January 5, 2015

Colloquium Speaker: Thomas Dolby Robertson


For over three decades Thomas Dolby Robertson has crafted a career that blends music and technology. An early star on MTV, his intelligent videos and songs like "She Blinded Me With Science" and "Hyperactive" became huge hits, standing the test of time. His keyboard and production work put him in the studio and on stage with the likes of David Bowie, Stevie Wonder, Roer Waters and Joni Mitchell, garnering him numerous awards and five Grammy™ Nominations.

Recognizing the opportunities for digital distribution of music via the Internet and later through wireless phones, Thomas started Beatnik Inc. in the early 1990s, where he co-authored the audio layer of Java, created the first interactive music sites on the Web, and licensed technology to Nokia, Samsung and Panasonic, to co-develop the embedded software synthesis ‘polyphonic’ ringtone engine that has shipped in billions of handheld devices.
 
For 12 years, Thomas served as Musical Director of the world-famous TED Conference. More recently he has returned to the stage, taking his transmedia ‘Invisible Lighthouse Tour’ around the US and Europe. His first new studio album in 20 years ‘A Map Of The Floating City’ was released in 2011 to universal critical acclaim, and was accompanied by the self-created, multi-user social networking game ‘The Floating City.’ His self-directed short film, ‘The Invisible Lighthouse’ won Best Director and Best Documentary Short awards at the Los Angeles DIY Film Festival.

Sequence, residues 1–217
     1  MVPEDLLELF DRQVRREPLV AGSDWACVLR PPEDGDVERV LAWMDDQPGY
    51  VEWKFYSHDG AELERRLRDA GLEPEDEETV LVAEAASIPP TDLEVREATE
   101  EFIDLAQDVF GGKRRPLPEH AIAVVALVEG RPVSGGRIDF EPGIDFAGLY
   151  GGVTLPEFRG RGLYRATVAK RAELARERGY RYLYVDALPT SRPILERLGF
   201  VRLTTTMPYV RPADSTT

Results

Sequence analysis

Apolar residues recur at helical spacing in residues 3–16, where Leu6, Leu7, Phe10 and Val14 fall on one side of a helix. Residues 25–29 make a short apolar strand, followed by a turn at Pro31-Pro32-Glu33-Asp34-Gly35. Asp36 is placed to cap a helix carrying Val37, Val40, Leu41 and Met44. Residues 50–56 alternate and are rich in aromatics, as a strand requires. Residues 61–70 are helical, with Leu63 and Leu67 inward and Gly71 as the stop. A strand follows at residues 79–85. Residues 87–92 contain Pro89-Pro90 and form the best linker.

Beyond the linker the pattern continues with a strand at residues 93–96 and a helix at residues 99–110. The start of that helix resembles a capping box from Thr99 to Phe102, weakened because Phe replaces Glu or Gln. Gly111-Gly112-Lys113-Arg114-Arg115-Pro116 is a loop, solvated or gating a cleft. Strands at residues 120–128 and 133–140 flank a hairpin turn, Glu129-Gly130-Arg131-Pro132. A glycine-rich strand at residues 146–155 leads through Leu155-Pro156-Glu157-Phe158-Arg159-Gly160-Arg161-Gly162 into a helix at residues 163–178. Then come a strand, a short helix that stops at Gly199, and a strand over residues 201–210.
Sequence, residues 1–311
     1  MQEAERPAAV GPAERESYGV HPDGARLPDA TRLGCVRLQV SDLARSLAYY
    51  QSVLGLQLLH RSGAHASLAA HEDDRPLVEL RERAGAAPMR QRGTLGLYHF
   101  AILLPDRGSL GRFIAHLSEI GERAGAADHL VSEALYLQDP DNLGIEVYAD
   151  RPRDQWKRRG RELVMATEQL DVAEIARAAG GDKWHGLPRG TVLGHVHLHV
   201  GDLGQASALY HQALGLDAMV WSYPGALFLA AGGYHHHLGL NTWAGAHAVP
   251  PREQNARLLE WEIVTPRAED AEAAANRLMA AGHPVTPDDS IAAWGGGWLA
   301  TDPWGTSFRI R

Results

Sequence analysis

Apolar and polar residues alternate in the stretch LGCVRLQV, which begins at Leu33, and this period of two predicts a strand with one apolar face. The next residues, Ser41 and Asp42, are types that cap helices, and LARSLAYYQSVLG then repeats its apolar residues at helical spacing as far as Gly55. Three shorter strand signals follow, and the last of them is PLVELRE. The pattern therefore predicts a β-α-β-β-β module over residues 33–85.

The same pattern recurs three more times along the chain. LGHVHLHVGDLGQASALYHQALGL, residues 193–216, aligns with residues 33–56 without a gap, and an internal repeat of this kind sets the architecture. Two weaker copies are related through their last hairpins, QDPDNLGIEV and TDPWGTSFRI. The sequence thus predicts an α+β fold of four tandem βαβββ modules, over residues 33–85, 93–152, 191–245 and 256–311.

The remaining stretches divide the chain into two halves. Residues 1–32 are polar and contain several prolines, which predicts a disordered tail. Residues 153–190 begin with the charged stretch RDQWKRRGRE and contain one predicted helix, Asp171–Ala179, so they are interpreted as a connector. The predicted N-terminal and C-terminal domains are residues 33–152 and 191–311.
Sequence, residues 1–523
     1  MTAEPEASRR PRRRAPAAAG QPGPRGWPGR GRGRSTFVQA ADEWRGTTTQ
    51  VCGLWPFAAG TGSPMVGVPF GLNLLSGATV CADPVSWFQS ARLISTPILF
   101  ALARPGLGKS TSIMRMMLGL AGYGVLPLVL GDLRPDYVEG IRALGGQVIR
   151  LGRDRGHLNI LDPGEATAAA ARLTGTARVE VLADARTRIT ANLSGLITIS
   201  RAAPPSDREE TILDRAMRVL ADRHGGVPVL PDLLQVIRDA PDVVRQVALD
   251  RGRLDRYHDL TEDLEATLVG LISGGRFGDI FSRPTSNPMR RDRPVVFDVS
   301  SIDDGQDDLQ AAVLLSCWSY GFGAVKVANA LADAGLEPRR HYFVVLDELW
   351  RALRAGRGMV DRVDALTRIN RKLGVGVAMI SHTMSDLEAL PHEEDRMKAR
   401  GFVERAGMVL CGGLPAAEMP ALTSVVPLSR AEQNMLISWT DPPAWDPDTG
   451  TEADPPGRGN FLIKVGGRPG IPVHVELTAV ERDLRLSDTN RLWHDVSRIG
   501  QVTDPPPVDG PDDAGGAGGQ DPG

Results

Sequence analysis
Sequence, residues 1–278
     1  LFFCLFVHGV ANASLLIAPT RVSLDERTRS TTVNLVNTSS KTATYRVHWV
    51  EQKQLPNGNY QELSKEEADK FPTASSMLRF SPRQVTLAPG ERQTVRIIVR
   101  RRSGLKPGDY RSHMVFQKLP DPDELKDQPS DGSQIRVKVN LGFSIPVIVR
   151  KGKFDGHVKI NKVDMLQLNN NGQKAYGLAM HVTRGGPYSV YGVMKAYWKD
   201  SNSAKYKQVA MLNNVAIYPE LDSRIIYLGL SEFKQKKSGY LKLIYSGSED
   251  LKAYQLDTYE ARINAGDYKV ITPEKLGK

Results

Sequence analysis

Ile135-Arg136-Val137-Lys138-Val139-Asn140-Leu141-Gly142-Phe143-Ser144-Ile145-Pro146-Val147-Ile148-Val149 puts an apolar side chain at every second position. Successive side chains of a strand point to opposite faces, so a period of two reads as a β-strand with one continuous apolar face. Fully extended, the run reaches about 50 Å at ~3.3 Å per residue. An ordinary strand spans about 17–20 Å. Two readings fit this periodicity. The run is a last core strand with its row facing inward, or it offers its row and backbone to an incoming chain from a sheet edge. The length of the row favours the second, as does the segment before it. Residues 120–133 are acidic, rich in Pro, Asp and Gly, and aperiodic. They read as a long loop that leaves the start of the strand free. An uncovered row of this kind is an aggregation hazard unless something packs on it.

From the Fall of 2014 Thomas will take up an honorary appointment as Professor of the Arts at Johns Hopkins University, Baltimore USA.




Colloquium Topic: The Road to MIDI Hell is Paved With Great Inventions

Thomas tells his story by way of some of the oddball synthesizers and technologies he has used during his 35 years in the Music Business. Giant monophonic synths that wouldn't stay in tune; valve limiters that took 20 minutes to warm up; transformational innovations like the Fairlight CMI, cost-smashing revelations like ProTools and the MacBook Pro, and the seemingly limitless possibilities of new apps for Android and iOS. He concludes that he was happiest back in the days when he had to pingpong between tracks on a stereo Teac reel-to-reel, using a disco lighting switcher to play the drums.